First Folio gleefully finds its sea legs
|First Folio Theatre presents|
Review by Catey Sullivan
Swarthy pirates flashing rapiers, saucy wenches and ridiculously coiffed villains. In all, there’s much to applaud in Captain Blood. David Rice’s adaptation of Rafael Sabatini’s 1922 adventure novel is a fine romp over land and sea, and an equally excellent antidote to the mid-winter blues that invariably hang heavy over February. Punctuated by self-aware humor, pointed political commentary and a whole lot of pleasingly taut, hairy pirate abs, the show proves that First Folio is in fine fettle and that director Janice L. Blixt has her sea legs when it comes to helming a sea-going story.
A bit of context: Captain Blood is set primarily during the 17th century reign of James II, one of the worst kings ever to rule Britannia. The best thing about James II’s rein was his ouster by William of Orange, who led a populist revolutionary charge after the Brits finally became fed up with years of James’ tyrannical nincompoopery.
Rice never gets heavy-handed with Captain Blood – he certainly doesn’t name names, so neither will we. That said, there are pointed parallels between James and the current-day Mango-in-Chief. Late in the second act opening night, a smattering of mid-dialogue applause broke out after a couple of pirates started ruminating on the wisdom of maybe putting women in charge (of England and basically everything else), since men have been basically making a hash of it for centuries.
Still, Captain Blood is a seafaring lark, not a piece of agitprop. First and foremost, it’s straight-up cracking fine storytelling. We first meet Dr. Peter Blood (Nick Sandys) as he’s on the auction block, being sold as a slave to a plantation in the Caribbean. Slavery is Blood’s sentence for treason, a charge that came about after he came upon rebels bleeding in the streets and tied off their wounds.
Blood’s new owner is one Colonel Bishop (Aaron Christensen), a largely uneducated bully and fop who is defined by his cruelty and the care he so obviously lavishes on his hair. When Bishop gets angry, his persnickety ringlets quiver like cinnamon pudding. Not so amusing is the bullwhip he uses to flay the skin from anyone who makes him angry.
But Colonel Bishop’s rule over the plantation isn’t quote absolute. His niece, Arabella Bishop (Heather Chrisler), is as kind and intelligent as uncle is dunderheaded and barbarous. Arabella is also adept with a sword, and more than holds her own when warring Spaniards invade. She also keeps up her end of conversations with Captain Blood as the two banter like a 1600’s version of Maddie and David in “Moonlighting.”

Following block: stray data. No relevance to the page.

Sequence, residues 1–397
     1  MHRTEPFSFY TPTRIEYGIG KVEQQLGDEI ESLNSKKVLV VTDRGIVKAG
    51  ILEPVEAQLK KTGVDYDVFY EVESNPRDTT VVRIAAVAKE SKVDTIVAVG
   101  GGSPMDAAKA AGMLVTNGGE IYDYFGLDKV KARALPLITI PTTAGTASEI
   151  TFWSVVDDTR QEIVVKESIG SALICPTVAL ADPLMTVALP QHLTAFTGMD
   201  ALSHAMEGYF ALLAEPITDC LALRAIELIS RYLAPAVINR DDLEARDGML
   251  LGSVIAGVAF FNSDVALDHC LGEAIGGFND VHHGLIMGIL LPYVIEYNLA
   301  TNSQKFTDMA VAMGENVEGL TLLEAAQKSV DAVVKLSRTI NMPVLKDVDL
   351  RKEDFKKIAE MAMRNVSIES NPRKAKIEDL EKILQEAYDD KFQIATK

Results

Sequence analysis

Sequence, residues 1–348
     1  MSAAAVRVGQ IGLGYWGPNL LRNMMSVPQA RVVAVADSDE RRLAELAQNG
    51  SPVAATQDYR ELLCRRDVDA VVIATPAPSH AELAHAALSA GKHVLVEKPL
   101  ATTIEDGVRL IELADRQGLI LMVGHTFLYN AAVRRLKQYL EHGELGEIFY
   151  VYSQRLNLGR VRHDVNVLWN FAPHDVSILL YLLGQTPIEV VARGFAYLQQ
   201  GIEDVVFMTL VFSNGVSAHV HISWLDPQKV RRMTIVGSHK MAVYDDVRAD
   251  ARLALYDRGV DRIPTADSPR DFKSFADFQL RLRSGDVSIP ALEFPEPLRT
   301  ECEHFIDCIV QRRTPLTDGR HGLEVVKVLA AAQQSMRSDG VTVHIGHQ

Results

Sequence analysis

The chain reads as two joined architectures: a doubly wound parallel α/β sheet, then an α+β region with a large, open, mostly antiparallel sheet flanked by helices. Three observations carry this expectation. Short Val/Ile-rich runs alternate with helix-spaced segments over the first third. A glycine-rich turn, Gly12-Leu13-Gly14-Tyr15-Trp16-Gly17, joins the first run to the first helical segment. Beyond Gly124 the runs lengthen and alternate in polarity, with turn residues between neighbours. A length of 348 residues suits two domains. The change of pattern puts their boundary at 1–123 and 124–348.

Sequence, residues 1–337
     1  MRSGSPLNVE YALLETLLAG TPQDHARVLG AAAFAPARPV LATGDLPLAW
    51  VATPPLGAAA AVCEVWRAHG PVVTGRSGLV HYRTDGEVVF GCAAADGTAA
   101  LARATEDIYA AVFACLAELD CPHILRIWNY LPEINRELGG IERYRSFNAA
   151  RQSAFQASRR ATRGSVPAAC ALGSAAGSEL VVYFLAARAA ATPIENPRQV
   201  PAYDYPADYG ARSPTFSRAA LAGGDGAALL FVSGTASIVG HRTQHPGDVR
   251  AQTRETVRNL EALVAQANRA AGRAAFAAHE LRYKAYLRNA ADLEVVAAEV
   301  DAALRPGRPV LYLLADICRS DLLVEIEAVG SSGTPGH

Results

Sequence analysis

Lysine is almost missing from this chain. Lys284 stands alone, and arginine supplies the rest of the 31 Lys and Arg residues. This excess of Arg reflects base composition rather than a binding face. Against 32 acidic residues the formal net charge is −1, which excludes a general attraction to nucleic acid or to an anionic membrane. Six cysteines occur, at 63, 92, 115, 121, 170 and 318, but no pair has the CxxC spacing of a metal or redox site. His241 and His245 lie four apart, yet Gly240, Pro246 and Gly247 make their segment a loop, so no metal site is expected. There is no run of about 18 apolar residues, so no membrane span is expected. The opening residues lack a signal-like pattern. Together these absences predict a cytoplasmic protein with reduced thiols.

From Bishop’s plantation, Captain Blood moves onto the briny deep, where the title character goes full-pirate, casting aside any pretense of trying to live within the rules of lawful society. At sea, the plot becomes a rollicking picaresque of kidnappings, storms, cannon fire, all-hands-on-deck sword fights and (of course) stolen kisses. Blixt keeps the pace snappy and the cast fires on all cylinders throughout.
The role of dashing hero fits Sandys like a bespoke suit. He’s got the Brooding Handsome Man thing on lock, and a deadpan delivery worthy of Bond. He also makes elaborate feats of derring do look as smooth as a hot knife through butter.
Christensen’s arch-villain is also heaps of fun. There are several truly amusing moments when Latin quips are bandied about, and Colonel Bishop starts to suspect that everyone in the room is smarter than he is. You can see both the sneaking alarm and the start of a childish tantrum mounting in his aspect. It is always satisfying seeing a bully unnerved, and Christensen delivers just that.
Chrisler’s Arabella Bishop is strong and sassy and a complete departure from the helpless damsels-in-distress that usually populate pirate epics. Rice hasn’t found a solution for the fact that she’s a slave owner though. The happily-ever-after-unless-you-are-a-slave ending is a problem here, and darned if I know a way around it short of rewriting Sabatini’s entire book.